There is no point pretending I saw it coming, there is no point being wise after the event.
Ballintubber's defeat of the four-in-a-row chasing Castlebar Mitchels in the county semi-final replay caught me and quite a few by surprise. The myth that the underdog gets only one chance can be well and truly dismissed.
Again, as in the first game, the replay was far from a classic - very low scoring played in very greasy conditions. I have to commend the groundsmen as Elverys MacHale Park was in splendid condition considering the amount of rain that fell last Saturday.
The way the dominance in this match swayed to and fro kept us intrigued right through to the second minute of injury time in extra time. It was like a heavyweight boxing match without the boxing as both teams had to deal with receiving severe blows, only to suck it up regroup and come again. Nobody left this one early.
Castlebar have been worthy champions, brilliant champions but something didn't seem right in the two games against Ballintubber. They weren't playing with the swagger, ruthlessness and killer instinct of yesteryear.
Their diminished performance levels can be largely attributed to the severe pressure they were put under by a well prepared Ballintubber outfit. Even when the game was level and deep in injury time, instead of retreating and protecting what they had, Ballintubber went for the jugular, they pressed high up the field in pursuit of a turnover to create a winning chance in injury time of extra time. The relentless pressure applied by their forward division had Castlebar struggling to find a way out of their defence, time and time again.
The winning score came from an unlikely source as Joe Geraghty popped over unattended in the closing stages. The Mitchels, as champions do, would create one last chance, it fell to Danny Kirby. A herculean block by Diarmuid O'Connor from Kirby's effort ensured it was 'Tubber's day and the champions were out.
Battles all over the field
Too many of Castlebar's go-to players didn't play well. Aidan Walsh and Danny Kirby struggled around the middle. Paddy Durcan wasn't his usual rampaging self. He was detailed with keeping tabs on the machine that is Diarmuid O'Connor when Ballintubber had possession. Not a nice prospect for someone not in top form.
Likewise Brian Walsh was keeping tabs on Durcan when the Mitchels had possession, after doing so brilliantly on him, the week before. In all, Castlebar had eight players who have donned a jersey for the Mayo senior team at some stage in the last few years, while Ballintubber had four. The Ballintubber four made a huge difference to the outcome of the game. All played splendidly and all four were in contention for the man-of-the-match award along with Gary Loftus.
Alan Dillon's pursuit of a career in politics obviously hasn't affected his time on the training ground. He was everywhere and as is always the case, he is so smart on the ball and rarely if ever does anything silly when he gets it. Some of his passing when under extreme pressure was top drawer. He will be playing in his sixth senior final on Saturday evening.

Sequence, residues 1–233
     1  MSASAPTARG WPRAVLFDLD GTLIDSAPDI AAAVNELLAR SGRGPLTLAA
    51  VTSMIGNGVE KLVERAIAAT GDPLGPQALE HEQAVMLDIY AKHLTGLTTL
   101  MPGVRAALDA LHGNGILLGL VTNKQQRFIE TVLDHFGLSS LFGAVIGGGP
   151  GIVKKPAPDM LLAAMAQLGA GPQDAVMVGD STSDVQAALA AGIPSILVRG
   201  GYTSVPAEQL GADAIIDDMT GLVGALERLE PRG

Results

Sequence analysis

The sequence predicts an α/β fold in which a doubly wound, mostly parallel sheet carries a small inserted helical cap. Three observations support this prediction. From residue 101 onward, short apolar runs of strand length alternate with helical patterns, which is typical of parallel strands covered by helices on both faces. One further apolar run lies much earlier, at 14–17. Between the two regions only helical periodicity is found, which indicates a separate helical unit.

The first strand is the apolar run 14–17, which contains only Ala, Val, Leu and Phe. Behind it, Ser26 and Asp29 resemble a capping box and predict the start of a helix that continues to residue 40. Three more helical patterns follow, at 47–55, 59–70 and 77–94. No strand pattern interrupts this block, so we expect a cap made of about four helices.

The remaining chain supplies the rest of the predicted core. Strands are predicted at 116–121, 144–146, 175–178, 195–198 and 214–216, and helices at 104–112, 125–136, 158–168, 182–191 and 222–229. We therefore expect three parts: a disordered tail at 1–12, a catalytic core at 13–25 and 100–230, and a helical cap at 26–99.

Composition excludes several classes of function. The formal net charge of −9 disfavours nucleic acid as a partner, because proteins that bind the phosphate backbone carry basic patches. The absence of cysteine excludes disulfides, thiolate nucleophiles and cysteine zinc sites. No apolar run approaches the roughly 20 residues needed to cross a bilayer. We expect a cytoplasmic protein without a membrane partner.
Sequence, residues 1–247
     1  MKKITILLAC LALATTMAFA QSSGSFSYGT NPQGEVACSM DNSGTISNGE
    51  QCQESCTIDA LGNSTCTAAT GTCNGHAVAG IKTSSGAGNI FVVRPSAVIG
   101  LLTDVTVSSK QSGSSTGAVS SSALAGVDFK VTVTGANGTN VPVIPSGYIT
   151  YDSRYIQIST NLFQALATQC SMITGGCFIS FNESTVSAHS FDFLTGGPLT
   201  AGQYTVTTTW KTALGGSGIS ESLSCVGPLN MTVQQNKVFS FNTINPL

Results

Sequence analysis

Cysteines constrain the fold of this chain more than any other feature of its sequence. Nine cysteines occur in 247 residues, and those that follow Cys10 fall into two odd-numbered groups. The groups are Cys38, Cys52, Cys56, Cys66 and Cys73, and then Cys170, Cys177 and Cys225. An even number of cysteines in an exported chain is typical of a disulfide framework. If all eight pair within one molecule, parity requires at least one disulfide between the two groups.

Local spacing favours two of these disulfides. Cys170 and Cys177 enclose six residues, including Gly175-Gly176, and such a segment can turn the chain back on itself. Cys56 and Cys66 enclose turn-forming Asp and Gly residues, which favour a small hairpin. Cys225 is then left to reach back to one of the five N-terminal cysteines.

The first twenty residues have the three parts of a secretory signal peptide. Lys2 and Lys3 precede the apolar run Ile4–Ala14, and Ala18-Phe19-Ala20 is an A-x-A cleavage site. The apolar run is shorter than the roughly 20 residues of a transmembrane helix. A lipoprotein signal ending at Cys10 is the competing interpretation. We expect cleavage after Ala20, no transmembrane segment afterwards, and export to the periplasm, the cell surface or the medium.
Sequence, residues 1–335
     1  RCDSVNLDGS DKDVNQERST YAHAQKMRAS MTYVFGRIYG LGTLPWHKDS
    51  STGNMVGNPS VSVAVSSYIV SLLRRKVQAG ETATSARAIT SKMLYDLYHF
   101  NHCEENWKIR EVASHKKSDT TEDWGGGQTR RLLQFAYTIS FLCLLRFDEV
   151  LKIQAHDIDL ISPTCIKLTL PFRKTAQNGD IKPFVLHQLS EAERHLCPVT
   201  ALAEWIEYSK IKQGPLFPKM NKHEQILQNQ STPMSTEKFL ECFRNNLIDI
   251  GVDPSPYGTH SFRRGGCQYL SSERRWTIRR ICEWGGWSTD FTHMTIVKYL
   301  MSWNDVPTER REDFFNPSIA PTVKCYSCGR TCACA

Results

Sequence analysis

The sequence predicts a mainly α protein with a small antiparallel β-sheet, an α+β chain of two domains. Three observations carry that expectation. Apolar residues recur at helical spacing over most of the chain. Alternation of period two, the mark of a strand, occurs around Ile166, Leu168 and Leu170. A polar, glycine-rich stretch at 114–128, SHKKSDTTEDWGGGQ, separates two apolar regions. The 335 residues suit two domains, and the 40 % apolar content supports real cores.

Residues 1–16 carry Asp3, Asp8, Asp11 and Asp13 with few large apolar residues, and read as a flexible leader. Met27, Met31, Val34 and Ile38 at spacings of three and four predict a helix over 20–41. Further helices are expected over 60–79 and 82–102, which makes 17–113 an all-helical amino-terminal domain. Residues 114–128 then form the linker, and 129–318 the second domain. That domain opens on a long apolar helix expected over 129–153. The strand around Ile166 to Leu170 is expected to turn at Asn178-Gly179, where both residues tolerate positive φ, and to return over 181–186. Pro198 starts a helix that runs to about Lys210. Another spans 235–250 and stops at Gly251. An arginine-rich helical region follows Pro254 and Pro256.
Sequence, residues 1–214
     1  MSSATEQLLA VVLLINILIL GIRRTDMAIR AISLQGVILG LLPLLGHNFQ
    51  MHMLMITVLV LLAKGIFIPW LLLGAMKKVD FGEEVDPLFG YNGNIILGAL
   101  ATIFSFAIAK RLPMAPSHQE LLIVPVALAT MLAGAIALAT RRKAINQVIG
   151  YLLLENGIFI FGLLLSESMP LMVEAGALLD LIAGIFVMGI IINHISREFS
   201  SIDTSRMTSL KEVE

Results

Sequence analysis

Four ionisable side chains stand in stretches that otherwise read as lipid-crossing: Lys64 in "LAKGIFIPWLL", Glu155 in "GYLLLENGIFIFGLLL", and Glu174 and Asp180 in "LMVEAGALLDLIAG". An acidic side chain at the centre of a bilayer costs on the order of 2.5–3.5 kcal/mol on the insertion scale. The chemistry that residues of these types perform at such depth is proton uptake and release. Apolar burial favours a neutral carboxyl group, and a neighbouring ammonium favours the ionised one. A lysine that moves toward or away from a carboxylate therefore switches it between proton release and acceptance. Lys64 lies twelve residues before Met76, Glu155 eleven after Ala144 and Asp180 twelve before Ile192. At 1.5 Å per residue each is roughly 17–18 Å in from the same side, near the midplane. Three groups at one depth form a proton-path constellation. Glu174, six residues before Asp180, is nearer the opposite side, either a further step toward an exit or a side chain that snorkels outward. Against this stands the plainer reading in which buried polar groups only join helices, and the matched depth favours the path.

Cillian O'Connor's nerve was there for all to see as he kicked some wonderful frees under extreme pressure. The equaliser in normal time was not for the fainthearted. Jason Gibbons was also to the fore and Diarmuid O'Connor was again outstanding. Neil Douglas burrowed a lone furrow up front for Castlebar. His ability to win a dirty ball is unrivalled. How he makes it stick no matter what way it comes at him, is one of the great skills. Had he taken all of Castlebar's frees, his team would probably be in the county final.
Upon leaving the match I spoke to a few Mitchels supporters who were very irate at the performance of referee John Glavey. Some of the calls were bizarre alright but some of the definite fouls that went unpunished were mystifying, not just for Castlebar I might add. I struggled to keep count of the amount of times he moved the ball forward for dissent or overturned a free and hopped the ball. The players had a right to be a little vexed. There is nothing more frustrating in the white heat of battle for a player that they cannot query or question a decision without been punished for doing so.
Can Ballintubber come again?
The big question is, have Ballintubber anything left in the tank for Saturday's final against Breaffy? I'm sure Breaffy were only too delighted to see the replay going to extra time. I have no doubt they will have a pep in their step after seeing the Mitchels defeated, as Castlebar have been a real bogey team for them down the years.
The county final will be billed as a battle of the brothers as the O’Shea's take on the O'Connor's, although it is far more than that. Alan Dillon and Robbie Hennelly will have a big say on the outcome. The clash between Matthew Ruane and Jason Gibbons is a mouth watering prospect. James Horan will watch that match up close.
I feel Ballintubber have a more balanced team as long as they have saved something for the final. Breaffy will feel they will never get a better chance. Don't rule out another draw. Saturday promises to be a monumental occasion at Elverys MacHale Park. The intermediate final between Belmullet and Burrishoole throws in at 6pm followed by the senior final at 8pm. I expect a huge crowd.